I posted last week about why huge bipedal fighting ‘mechs’ from sci-fi like Pacific Rim are unlikely, unless the laws of physics change.
But that doesn’t mean sci-fi mechs have to be boring. Not at all.
More in a moment. First off – what’s wrong with a 120-metre x 20-metre biped mega-mech? Alas, even if you could get your mech to move, it’s a 2400 square metre target balancing on pivot points wa-a-a-ay below its centre of gravity. There are reasons why soldiers don’t stand tall and walk very, very slowly towards the enemy. When it was tried, on the Somme in 1916, the British Army suffered its heaviest one-day losses – ever.
The same’s true of real mechs – main battle tanks. In the First World War, infantry tanks were high-sided. The fact that height made them targets was understood, But the design committee couldn’t compromise on the height of the tracks, because the criteria was for a vehicle able to drive over trenches – dictating a rhomboidal profile equivalent to a 20-metre diameter wheel.
Inter-war tanks had different criteria but were still high-sided. Then, during the Second World War, sloped armour – again, well known in naval circles – was applied by Mikhail Ilyich Koshkin to his T-34. Modern tanks follow that lead. Tank tactics reflect ‘low is better’ too – a commander looks for places to go hull-down. You can’t do that in a 120-metre high bipedal mech.
So does this mean mech sci-fi has to be dull? Not at all. I’m thinking of the most awesome mech I’ve ever seen in SF – Stanislaw Lem’s Cyclops. Total badass. To one reader, ‘goddamn dynamite, I mean, like whoa.‘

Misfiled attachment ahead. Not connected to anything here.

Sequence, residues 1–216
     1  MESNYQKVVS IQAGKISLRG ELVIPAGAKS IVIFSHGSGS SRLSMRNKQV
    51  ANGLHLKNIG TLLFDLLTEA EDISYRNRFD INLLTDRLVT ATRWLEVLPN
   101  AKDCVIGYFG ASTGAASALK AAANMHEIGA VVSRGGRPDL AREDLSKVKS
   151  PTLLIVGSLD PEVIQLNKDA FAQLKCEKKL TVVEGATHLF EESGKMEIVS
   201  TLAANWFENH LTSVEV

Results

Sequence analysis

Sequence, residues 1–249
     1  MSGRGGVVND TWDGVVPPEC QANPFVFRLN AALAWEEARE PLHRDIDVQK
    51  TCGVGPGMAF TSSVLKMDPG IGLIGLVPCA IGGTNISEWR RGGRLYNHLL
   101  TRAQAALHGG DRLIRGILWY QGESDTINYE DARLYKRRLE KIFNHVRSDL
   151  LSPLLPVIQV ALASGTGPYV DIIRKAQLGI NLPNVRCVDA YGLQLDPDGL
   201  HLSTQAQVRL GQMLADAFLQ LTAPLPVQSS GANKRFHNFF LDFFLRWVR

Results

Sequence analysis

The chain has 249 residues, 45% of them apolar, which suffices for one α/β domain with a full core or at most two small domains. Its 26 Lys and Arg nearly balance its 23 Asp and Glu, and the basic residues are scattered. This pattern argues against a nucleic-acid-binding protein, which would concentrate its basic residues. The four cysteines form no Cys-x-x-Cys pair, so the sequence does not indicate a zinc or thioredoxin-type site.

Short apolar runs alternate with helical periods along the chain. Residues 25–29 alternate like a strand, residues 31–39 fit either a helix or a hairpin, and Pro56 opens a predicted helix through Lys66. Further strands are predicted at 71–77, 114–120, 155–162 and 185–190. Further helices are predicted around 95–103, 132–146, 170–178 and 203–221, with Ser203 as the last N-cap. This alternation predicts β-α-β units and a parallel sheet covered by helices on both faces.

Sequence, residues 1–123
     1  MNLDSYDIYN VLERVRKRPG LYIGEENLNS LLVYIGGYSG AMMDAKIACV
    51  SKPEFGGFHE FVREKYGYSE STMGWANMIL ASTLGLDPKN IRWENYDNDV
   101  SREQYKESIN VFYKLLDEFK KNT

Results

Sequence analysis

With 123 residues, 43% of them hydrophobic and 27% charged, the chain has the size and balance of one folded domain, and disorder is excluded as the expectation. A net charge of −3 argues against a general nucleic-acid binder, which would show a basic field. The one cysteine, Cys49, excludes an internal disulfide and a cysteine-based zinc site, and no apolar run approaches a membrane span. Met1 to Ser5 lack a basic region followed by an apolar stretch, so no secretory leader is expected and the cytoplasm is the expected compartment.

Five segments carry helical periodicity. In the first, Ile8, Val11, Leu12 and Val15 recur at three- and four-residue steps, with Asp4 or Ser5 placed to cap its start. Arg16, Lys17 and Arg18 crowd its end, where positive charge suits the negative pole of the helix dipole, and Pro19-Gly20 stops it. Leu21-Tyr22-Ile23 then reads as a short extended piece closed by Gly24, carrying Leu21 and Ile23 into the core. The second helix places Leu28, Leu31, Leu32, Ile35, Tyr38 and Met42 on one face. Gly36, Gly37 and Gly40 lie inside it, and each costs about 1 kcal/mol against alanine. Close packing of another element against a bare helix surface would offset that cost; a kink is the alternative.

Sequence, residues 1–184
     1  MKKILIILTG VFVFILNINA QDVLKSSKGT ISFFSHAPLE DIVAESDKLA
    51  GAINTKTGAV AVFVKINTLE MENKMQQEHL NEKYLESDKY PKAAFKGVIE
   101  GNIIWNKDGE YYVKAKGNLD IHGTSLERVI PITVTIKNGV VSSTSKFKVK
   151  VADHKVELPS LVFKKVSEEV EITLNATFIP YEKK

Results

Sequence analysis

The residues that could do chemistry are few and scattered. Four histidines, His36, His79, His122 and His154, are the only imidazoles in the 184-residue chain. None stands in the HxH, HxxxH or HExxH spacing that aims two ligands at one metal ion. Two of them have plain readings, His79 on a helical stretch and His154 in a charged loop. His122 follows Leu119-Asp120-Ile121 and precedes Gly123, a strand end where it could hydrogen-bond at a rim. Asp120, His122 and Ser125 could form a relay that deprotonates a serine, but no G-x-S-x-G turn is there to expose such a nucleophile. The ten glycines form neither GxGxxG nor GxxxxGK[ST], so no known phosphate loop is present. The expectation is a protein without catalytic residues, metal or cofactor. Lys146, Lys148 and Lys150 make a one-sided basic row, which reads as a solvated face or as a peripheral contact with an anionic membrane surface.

Get this. Lem’s Cyclops is an autonomous robot weighing 80 tons, 25 feet high, levitated on force fields, protected by ceramic armour and energy fields, with near-inexhaustible energy reserves. It’s armed with an antimatter cannon capable of continuous fire in all directions – annihilating everything in a constant nuclear-yield detonation, soaking the battlefield in relativistic-scale energies and lethally hard radiation.
It’s from Stanislaw Lem’s The Invincible (1964). I read that novel in 1978 and – setting aside Wendayne Ackerman’s peculiar translation from Polish, via German – it’s total OMG. Mech-machine evolution…versus humans. And Lem also envisaged the ultimate end; a robot fly (‘grey goo‘). Tiny, individually disposable, always replaceable – available in multi-billions – and able to connect into swarms that were …invincible. Blasting them was like fighting the ocean with swords. The logic pivoted on energy consumption.
That was the ultimate sci-fi mega mech. Infintesimally tiny – yet, vastly huge. Expendable, yet indestructible. Brilliant. But then, Lem’s stuff always is. Here’s part of the sequence where the Cyclops goes into combat with the flies. Lem is one hell of an author! Don’t just take my word for it. Find a copy of that book and read it – because, my friends, Stanislaw Lem has shown us how mechs are done.
And – more importantly – how we’ll relate to them.
Copyright © Matthew Wright 2013
Next week: My review of Gravity. Before then - NaNo writing tips and advice. Watch this space.